My Kindle Scout Campaign Experience

Kindle Scout is run by Amazon. Authors submit a book for a thirty day window in which readers are invited to nominate it for publication. Kindle Scout editors then consider the book. If they select it for publication, readers who nominated it receive a free copy on publication; and, authors receive a five year contract, $1,500 advance and simple reversion rights. Plus, the possibility of Amazon’s algorithms helping to push the book in front of new readers.sky garden, kindle scout, kindle scout promotion,

I decided to try Kindle Scout as the path-to-publication for my romantic suspense novel, Sky Garden. The thirty day campaign has just ended and I’m waiting to hear from Kindle Scout editors, but whether they say yes or no to publishing Sky Garden, I’ve learned a lot. I thought I’d share those lessons here as they’re a distillation of my wider publishing experience.

[If you’re interested in how I approached Sky Garden‘s Kindle Scout campaign, you’ll find the posts outlining marketing, Facebook advertising and managing expectations here.]

First, the concrete stuff. Sky Garden spent 192 hours of 720 on the Hot & Trending list. It had 1,063 page views. Of those page views, 33% came from within Kindle Scout (i.e. they were browsing the books) and 67% were direct clicks to Sky Garden‘s page. By far the greatest source of this latter, external traffic was Facebook.

Woohoo! that confirms that my Facebook advertising campaign worked. Well, that depends. The Facebook ad (and I ran the same ad for 29 days) had 114 clicks for $59.92. To me, that’s not a great return on investment. On the other hand, I learned that, at least in this instance, Facebook’s algorithms did not increase the effectiveness of who they served the ad to over time. In other words, the algorithms didn’t seem to “learn” in a way that benefited my advertising reach.

However, when I posted to Facebook asking for nominations of Sky Garden, I got them. The Kindle Scout graphs shows that. For reference, I asked for nominations first on my author page, then in a private group (Romance Writers of Australia – who are awesome), and finally, on my personal profile.

The best aspect of the thirty day campaign was people’s kindness. So many not only nominated Sky Garden, they asked others to do so, and they sent me encouraging messages. Those messages were life-savers. Thank you!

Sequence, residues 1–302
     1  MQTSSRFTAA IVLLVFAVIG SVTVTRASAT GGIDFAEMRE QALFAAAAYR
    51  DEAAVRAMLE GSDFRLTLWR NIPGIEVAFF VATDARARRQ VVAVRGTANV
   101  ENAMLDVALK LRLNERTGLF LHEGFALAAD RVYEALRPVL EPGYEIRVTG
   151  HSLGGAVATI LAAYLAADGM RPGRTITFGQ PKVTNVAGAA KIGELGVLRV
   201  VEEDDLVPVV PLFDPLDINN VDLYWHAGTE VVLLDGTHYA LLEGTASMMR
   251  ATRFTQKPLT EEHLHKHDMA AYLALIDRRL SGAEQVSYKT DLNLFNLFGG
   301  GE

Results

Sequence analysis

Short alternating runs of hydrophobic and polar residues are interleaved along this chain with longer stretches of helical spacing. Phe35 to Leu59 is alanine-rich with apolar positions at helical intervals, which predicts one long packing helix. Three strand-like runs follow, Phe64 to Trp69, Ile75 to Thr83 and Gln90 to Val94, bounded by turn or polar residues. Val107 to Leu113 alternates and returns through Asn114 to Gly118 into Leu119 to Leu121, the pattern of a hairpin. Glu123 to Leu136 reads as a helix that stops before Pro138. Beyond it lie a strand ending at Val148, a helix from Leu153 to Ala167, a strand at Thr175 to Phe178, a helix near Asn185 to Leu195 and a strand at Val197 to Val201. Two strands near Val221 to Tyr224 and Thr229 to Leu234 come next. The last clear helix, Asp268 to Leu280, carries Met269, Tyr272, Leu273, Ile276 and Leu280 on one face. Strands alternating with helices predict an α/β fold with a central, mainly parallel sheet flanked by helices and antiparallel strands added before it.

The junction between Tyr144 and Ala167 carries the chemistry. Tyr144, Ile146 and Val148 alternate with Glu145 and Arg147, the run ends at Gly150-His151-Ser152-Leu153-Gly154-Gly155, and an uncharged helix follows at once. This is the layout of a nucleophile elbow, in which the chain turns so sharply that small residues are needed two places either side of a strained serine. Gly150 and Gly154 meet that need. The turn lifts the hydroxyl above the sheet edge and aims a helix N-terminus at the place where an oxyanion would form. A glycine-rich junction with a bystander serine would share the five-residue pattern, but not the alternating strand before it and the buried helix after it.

The Kindle Scout campaign is as stressful as you allow it to be. For me, it was a low level simmer, one that left me a little on edge all the time. However, it didn’t stop me working on other projects. I wrote and edited through the thirty days, and in fact, finalised Djinn Justice and popped it up for pre-order during this time.

A vital way of managing the stress is to have a plan, not only for the thirty days, but afterwards. Instead of dreaming or fearing the results, I cut off those thoughts by reminding myself that either way (whether Kindle Scout editors accepted or rejected Sky Garden) I would be ready. In the event of the editors rejecting Sky Garden, I will self-publish it. Everything is ready to roll.

I’m also aware that publishing decisions are about more than a book’s quality. Quality matters. It does. But that just gets your book on the table. To get editors to accept it, your book has to fit in with their other publishing plans (e.g. that it won’t cannibalise sales of another book they have scheduled), and with data they have (and don’t share) on what is selling, where and to whom. A rejection of Sky Garden by Kindle Scout editors doesn’t mean it won’t sell. It just means it doesn’t fit their publishing schedule.

I don’t expect to run another Kindle Scout campaign, but I’m glad I did for Sky Garden. It confirmed that a good book needs a strong premise, a hook. It needs a cover that conveys its genre and something of the hook. The blurb should be snappy (Kindle Scout’s short word count for blurbs emphasises this). You should know its readership, what appeals to them and how to reach them (i.e. study popular books and authors in the genre). Finally, don’t under-sell yourself. You’ve written an amazing book. Go out there and be proud of it.

9 Replies to “My Kindle Scout Campaign Experience”

  1. All the best, Jenny. I’ve been following your experience with interest. To date, I’ve dabbled with FB ads, but I’m not sure I have the process sussed. There seem to be so many variables to consider.

    1. Shelley, I’ve heard good things about the info Mark Dawson shares. The problem is convincing myself to carve enough time out of the week to listen and learn (he has videos).

  2. I appreciate you sharing your experience with FB advertising. I’ve read mixed reviews, but ultimately I think it depends on the individual and his reach.

    Either way, I hope you get into Kindle Scout.

    1. Maria, if you can get all your ducks in a row, I’ve heard some people do marvellously with FB – and for a non-book thing, a friend of mine has really made it work. But so far, I haven’t worked the magic. I think I’ll study up, maybe watch some of the instructional videos, and then, maybe (I’m reluctant to spend any more money – $60 was a big chunk) try again. Next year.

  3. You ran a super nice campaign, nominations from so many places! Like you say, it’s not the book per se, but how and where it would fit in.

    All the best Jenny 🙂 Hope you stay around the KBoards now and then.

    I’m still 3-4 weeks away I think before my book’ll be ready for a try. It’s big, and the big editing is taking a bit of time.

    Take care 🙂

    1. Adan, I intend to stay with the Kindleboards thread — and I’ll definitely look out for your book. I’ll probably be quiet there, letting the newly nervous have their time, but I’ll be nominating away 🙂

Comments?